Tuesday, December 6, 2011

HART: Ansaldo Contract Oversight Is Top Priority; LTE Forum: ‘Free’ Bus Service Isn’t Really ‘Free’

Recent financial losses by Finmeccanica, the parent company of the joint venture that will supply cars and operate/maintain Honolulu’s rail system, are not a threat to the viability of the project.

That's the message delivered this morning on KIPO's "The Conversation" public radio show by Toru Hamayasu (at right), interim executive director of the Honolulu Authority for Rapid Transportation.

Despite large losses in the past year (about $480 million over the past nine months), the corporation is large enough to absorb it without causing problems for the Honolulu project, Hamayasu said. “It’s not that we’re not concerned, but we’re confident the company can do the job…,” Hamayasu said (paraphrased).
“When you look at the company that makes the train control system (Ansaldo STS), that company has been profitable and its financial standing is good. It’s responsible for about 85 percent of the entire contract. Ansaldo Breda (the car supplier) has had some financial problems, but it is responsible for only 15 percent of the contract.”
Hamayasu said the city has a “huge responsibility” to monitor the situation and that if anything were to happen to threaten performance under the contract, the city would catch it. Also, he said the city has secured bonding sufficient to cover all obligations under the Ansaldo Honolulu JV contract.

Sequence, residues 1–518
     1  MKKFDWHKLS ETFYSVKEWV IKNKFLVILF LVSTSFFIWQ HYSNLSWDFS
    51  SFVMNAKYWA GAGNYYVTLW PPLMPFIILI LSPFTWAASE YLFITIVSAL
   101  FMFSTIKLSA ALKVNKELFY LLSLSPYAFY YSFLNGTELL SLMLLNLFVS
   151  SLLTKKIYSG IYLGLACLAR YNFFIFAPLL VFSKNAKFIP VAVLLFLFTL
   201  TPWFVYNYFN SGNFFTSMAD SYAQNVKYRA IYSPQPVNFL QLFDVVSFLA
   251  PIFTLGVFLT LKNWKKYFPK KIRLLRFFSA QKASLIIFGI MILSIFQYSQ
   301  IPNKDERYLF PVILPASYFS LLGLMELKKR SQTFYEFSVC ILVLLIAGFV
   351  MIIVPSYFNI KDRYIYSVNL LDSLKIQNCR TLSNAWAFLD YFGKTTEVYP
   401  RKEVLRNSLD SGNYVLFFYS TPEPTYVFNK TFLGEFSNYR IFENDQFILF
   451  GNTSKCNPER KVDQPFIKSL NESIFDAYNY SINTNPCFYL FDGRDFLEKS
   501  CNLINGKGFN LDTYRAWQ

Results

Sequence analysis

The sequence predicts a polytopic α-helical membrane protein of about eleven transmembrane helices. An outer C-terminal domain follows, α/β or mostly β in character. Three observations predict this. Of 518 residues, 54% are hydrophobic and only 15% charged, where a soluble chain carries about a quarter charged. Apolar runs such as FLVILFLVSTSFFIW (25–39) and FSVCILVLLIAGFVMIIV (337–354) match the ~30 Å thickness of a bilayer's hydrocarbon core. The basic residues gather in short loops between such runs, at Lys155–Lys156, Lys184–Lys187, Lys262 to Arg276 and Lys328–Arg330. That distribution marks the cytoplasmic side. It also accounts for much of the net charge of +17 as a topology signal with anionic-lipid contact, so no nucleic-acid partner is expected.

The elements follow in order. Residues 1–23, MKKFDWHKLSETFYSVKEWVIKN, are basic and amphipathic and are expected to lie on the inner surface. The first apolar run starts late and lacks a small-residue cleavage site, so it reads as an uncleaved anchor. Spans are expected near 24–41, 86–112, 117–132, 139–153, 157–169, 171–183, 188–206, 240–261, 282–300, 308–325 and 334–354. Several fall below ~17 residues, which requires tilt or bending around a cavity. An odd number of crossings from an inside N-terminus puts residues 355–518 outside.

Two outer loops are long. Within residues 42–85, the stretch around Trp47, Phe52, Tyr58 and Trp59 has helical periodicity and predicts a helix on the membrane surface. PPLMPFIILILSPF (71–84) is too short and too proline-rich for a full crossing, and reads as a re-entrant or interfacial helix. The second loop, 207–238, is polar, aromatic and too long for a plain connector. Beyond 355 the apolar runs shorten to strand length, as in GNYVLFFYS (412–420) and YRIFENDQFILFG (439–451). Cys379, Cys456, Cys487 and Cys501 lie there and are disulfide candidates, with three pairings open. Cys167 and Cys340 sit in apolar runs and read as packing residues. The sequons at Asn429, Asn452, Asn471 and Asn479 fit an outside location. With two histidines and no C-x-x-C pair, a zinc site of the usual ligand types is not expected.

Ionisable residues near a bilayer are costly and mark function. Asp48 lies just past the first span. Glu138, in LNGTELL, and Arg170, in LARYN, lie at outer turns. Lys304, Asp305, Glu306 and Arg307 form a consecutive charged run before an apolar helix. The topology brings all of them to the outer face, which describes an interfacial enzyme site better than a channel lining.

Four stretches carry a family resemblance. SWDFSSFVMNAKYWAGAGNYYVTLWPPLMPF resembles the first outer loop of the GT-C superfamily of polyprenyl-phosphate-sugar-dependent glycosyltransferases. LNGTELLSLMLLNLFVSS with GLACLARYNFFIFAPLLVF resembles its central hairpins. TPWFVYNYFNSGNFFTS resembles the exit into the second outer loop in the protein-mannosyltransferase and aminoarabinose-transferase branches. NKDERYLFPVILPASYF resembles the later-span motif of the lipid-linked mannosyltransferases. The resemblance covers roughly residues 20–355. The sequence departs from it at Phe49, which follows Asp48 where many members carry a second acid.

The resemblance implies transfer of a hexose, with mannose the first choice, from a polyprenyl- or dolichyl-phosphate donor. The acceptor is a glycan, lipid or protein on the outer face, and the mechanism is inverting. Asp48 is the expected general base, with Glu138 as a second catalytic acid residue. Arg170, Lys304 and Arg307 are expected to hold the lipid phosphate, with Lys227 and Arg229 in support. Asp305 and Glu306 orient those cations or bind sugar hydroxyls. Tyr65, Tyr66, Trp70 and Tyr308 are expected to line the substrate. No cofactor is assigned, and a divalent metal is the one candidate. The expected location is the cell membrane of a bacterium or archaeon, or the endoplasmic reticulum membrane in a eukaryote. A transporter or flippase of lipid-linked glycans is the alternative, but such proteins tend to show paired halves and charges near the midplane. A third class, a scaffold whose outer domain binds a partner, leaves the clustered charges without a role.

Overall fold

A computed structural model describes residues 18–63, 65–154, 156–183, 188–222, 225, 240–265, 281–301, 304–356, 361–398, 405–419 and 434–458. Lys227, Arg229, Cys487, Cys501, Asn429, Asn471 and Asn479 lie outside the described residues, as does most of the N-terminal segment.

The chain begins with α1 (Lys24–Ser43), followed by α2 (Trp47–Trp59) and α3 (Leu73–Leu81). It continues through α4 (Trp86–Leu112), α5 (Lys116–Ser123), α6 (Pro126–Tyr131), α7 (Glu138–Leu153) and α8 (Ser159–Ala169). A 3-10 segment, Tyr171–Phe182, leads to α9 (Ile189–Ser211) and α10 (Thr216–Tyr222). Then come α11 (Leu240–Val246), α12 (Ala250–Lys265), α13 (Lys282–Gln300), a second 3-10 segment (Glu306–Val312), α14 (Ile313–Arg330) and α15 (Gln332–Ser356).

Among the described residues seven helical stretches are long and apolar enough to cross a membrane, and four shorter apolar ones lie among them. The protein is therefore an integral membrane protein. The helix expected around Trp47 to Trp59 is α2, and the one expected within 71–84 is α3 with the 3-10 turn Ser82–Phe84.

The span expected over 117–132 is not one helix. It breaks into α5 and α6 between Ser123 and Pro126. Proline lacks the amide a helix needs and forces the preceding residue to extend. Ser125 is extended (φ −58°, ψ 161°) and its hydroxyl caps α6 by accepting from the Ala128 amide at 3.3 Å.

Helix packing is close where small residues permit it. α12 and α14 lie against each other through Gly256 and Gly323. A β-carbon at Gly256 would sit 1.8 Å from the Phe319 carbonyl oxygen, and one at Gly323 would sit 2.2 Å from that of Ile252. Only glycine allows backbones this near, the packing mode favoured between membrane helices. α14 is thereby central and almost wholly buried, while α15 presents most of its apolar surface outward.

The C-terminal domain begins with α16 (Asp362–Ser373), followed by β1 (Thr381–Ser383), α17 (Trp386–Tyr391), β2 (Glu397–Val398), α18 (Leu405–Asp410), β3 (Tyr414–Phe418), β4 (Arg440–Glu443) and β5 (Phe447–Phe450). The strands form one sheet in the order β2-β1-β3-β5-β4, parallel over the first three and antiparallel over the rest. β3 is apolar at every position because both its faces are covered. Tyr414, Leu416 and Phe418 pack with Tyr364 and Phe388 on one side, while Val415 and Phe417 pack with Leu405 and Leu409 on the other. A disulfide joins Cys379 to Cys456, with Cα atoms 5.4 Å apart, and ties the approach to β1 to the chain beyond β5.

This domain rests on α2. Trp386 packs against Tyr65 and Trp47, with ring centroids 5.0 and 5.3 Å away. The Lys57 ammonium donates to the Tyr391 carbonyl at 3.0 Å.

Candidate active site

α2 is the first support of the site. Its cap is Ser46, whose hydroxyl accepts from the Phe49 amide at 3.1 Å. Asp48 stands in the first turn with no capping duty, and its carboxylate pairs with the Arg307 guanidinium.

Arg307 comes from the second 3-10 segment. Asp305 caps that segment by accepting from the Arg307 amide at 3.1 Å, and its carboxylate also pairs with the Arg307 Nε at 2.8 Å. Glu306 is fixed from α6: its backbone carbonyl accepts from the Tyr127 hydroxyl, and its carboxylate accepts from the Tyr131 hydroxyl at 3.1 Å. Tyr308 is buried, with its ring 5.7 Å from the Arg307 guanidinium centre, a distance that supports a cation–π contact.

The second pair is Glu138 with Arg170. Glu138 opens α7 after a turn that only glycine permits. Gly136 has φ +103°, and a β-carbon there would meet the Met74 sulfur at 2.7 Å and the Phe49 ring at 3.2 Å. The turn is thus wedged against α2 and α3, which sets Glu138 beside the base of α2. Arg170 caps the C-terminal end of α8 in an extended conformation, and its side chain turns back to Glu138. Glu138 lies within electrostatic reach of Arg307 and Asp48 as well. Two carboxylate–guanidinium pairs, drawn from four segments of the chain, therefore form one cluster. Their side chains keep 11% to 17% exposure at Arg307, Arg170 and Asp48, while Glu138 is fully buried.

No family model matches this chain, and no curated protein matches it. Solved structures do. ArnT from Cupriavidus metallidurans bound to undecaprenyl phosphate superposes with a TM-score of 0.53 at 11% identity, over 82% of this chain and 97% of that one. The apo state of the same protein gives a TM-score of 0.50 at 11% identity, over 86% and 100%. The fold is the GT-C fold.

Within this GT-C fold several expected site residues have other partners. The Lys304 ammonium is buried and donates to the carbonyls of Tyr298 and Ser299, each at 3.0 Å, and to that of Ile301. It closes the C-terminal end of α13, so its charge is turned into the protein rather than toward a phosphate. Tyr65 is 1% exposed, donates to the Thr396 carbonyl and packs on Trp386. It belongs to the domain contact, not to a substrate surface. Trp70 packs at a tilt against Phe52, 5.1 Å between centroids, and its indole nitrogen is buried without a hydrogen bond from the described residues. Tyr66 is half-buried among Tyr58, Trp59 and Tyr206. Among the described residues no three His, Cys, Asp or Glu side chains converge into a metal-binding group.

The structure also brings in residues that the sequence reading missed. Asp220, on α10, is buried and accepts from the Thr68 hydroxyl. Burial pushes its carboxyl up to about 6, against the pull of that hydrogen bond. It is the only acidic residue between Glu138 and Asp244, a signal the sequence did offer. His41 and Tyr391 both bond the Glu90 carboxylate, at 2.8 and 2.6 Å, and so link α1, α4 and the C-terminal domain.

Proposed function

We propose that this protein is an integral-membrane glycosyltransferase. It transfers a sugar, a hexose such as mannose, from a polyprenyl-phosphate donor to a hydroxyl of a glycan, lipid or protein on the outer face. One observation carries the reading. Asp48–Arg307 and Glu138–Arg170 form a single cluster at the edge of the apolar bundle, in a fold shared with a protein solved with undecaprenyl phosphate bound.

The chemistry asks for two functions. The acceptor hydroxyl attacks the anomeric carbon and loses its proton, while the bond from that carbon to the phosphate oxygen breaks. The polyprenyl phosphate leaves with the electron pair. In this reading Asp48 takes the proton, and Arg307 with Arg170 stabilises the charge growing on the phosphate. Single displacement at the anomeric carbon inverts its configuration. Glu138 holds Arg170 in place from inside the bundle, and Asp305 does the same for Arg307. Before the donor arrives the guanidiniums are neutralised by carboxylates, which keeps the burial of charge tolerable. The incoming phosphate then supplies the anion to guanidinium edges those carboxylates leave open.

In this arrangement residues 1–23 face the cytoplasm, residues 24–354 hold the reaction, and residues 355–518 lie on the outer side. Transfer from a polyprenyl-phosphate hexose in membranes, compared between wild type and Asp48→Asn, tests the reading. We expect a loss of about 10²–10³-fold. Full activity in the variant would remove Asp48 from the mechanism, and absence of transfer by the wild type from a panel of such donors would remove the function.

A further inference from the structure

LTE Forum
Today’s rail-related letter in the morning paper (subscription) examines one slice of our observation two days ago – that providing free bus service would not result in open-road traffic-free travel on our streets and highways. The Kailua resident makes the valuable point that "free" bus services are anything but free and must be paid by somebody.

Someone must pay for ‘free’ bus rides (Star-Advertiser, 12/6)
“In response to (a 11/4 letter), it sounds like a nice idea to make the bus ‘free,’ but it’s not logical…. You can’t make TheBus ‘free’ because the money has to come from somewhere, which is from taxes… Everything comes at a cost. We don’t need the government to spend more in ‘public goods’ and increase its debt.”

We differ with the writer on the last point. Government debt is justified when it implements essential services for the public. Honolulu rail will be an invaluable contribution to the city’s infrastructure and a “public good.”

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